This Sunday, 28th April 2019, Spaniards return to the polls for the third time in four years.
Pedro Sánchez, incumbent President, called for the elections in February after his budget was rejected by Catalan separatists. Sánchez’s social democratic party, the PSOE, had only assumed power 9 months earlier after a spate of corruption scandals toppled Mariano Rajoy’s conservative Partido Popular.
Vox and a resurgent Spanish nationalism
In February 2019, thousands of madrileños took to the streets of Madrid in support of Spanish unity. One of the speakers at the rally was Santiago Abascal, the leader of the hard line right-wing Vox party that has recently surged in popularity. Vox was created 5 years ago by former members of the PP but failed to gain traction initially – instead Spain favoured leftist Podemos and centre-right Ciudadanos as alternatives to the traditional two-party system.
However, with the Catalan independence claim causing a serious threat to the future existence of a united nation, coupled with an alt-right distaste for a rise in “radical feminism” (in Abascal’s own words), the political formation have swelled with support.
In December 2018, for the first time in 36 years, the socialist PSOE party lost its local Andalucían government to a coalition of PP, Ciudadanos and Vox. This came as a shock to many. Spain had seemed impervious to the rise of a populist right-wing group; anger was directed towards corrupt elites in the wake of a 2008 financial crisis that saw youth unemployment reach 50%.
Despite the fact that Spain has made a swifter economic recovery than other EU states, this has failed to stop the march of new political forces. Vox is the new kid on the block, making this weekend’s election a five-way tussle.
The Catalan Question and Brexit
There’s a vicious cycle in motion. Sánchez’s perceived inability to placate the Catalans has caused the elections this weekend, which may enable Vox to gain a crucial foothold, and in turn see a stronger push towards Spanish nationalism, which will serve to weaken Catalan independence claims.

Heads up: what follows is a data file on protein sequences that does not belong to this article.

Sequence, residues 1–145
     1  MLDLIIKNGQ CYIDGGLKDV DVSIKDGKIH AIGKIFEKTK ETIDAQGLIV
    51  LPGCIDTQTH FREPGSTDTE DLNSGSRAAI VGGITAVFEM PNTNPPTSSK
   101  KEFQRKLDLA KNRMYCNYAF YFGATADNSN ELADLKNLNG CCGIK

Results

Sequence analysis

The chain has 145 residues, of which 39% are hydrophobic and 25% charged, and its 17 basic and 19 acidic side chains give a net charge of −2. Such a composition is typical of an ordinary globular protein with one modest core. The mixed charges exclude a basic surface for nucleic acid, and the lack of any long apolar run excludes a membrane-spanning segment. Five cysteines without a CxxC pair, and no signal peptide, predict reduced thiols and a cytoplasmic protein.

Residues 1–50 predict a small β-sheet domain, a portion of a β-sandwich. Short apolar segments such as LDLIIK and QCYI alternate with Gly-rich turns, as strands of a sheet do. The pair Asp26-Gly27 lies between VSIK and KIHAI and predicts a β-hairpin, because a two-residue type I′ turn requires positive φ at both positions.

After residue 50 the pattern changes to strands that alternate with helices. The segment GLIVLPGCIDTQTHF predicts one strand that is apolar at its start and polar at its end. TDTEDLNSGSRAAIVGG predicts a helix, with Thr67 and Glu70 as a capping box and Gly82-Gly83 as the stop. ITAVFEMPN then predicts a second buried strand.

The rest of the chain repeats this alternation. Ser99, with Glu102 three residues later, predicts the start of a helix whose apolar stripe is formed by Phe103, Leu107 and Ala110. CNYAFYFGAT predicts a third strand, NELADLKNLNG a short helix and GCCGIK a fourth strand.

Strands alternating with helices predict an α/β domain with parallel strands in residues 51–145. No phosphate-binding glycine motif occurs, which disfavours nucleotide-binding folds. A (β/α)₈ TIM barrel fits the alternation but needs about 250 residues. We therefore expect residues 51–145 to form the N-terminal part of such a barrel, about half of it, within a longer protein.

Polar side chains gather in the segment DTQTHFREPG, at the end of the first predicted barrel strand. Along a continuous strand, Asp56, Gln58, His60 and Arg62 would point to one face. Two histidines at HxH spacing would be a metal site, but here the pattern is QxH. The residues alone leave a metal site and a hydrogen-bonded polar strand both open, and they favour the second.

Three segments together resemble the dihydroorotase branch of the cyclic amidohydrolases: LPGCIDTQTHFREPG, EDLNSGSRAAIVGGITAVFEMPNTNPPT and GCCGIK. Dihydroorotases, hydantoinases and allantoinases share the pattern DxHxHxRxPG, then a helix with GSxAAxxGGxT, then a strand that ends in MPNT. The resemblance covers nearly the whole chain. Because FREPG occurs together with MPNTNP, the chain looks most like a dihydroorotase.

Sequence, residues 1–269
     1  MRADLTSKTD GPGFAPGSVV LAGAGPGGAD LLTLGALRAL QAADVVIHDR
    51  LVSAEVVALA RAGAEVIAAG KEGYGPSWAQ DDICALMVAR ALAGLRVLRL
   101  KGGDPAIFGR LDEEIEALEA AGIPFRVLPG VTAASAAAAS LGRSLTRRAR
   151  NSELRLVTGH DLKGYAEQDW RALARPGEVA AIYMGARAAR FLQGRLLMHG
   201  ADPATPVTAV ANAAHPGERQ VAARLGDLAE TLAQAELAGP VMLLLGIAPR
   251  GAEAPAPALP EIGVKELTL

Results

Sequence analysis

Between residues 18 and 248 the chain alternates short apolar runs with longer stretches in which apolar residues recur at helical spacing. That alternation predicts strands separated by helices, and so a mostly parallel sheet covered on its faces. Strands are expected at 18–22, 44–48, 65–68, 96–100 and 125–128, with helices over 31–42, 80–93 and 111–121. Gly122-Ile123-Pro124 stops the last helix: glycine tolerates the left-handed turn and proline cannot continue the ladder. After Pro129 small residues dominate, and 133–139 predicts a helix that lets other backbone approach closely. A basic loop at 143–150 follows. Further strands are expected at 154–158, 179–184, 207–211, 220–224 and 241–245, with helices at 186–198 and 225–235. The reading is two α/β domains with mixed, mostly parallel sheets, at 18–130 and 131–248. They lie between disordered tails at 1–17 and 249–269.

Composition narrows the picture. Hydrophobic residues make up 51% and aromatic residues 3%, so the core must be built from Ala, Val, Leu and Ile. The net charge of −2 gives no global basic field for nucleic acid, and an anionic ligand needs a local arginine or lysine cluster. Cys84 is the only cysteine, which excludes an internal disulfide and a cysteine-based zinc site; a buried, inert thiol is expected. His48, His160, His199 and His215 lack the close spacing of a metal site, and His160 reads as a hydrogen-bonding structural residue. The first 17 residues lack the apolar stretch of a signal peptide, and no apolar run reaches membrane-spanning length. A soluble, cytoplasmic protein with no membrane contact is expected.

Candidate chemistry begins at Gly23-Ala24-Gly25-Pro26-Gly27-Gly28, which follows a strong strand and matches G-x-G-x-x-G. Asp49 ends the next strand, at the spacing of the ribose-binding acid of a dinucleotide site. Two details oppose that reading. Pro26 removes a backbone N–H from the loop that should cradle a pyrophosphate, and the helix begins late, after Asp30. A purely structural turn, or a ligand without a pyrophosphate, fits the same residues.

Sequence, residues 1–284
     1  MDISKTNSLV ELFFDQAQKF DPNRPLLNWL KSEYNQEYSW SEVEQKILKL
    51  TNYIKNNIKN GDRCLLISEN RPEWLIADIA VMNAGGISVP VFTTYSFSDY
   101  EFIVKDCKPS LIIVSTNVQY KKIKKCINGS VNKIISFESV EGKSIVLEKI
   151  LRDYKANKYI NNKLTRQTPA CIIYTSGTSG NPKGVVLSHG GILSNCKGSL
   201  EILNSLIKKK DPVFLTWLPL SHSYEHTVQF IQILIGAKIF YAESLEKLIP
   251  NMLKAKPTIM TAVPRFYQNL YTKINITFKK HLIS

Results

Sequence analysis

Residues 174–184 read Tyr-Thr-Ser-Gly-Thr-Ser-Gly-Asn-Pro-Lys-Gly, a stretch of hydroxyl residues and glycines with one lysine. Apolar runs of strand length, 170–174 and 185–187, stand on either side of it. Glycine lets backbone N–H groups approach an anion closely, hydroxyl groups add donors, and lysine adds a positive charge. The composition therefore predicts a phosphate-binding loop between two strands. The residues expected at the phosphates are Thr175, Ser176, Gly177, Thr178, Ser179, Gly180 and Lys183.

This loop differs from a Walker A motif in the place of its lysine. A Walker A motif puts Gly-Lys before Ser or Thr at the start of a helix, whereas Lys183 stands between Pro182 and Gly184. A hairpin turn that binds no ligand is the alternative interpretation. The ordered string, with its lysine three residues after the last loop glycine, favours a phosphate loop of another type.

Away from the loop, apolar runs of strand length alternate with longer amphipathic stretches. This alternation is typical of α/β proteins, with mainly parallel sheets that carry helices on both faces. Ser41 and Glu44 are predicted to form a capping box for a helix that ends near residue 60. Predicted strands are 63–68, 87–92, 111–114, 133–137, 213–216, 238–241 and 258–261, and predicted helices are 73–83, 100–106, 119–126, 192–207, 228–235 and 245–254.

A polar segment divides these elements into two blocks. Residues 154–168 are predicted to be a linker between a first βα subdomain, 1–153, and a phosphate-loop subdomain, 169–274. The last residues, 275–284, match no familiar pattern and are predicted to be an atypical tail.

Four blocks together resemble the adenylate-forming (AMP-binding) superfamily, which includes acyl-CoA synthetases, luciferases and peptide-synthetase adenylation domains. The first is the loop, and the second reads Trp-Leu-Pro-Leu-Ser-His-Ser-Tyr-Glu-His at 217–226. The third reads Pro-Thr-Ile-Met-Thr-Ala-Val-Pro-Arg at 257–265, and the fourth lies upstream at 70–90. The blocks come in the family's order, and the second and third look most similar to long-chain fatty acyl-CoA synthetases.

There are similarities to Brexit here. The PP and Ciudadanos are having to placate hard line backbenchers and Vox supporters by shifting markedly to the right; much like Cameron did when negotiating a deal with the EU in 2015 more focused on appeasing UKIP-liable Conservatives than appealing to the other EU member states.
The Female Vote
A key area of focus in this election is the female vote. Despite female mayors in Madrid and Barcelona in the past four years, there are widespread gender grievances in Spain focused on two areas: inequality and violence.
Thousands of Spanish women took to the streets in March 2019 for International Women’s Day. This is unsurprising given stats such as 47 women murdered across Spain in 2018 from gender violence crimes, and Spanish women earning 15.1% less than men according to Eurostat’s Gender Inequality Index.
Vox have led a large part of their political campaign complaining about gender laws and discrimination against men in domestic abuse laws – they wish to halt aid for women beaten by men, saying it unfairly favours the woman. A representative of Vox even said a raped woman doesn’t have the right to an abortion. It remains to be seen how the women of Spain will react to this anti-feminist stance on Sunday.
At present, polls show that 40% of the Spanish public are undecided, and that the majority of “Don’t Knows” are women. This means that the female reaction to key gender issues, as well as their reaction to Vox’s coarse rhetoric, may be pivotal in the result of this election.
The Likely Outcome
Sánchez and the PSOE may just win enough seats to form a renewed coalition with Podemos that isn’t propped up by Catalan separatists. The Catalan crisis is very much ongoing, with 12 separatist leaders currently on trial. The most straightforward way for Spain as a nation to clear these troubled waters is for one party to win big – but with the political spectrum so divided, the nation seems set to continue in its social and political division beyond these elections.
We may well see another stalemate followed by a fourth general election later this year.
by Eddie Cummings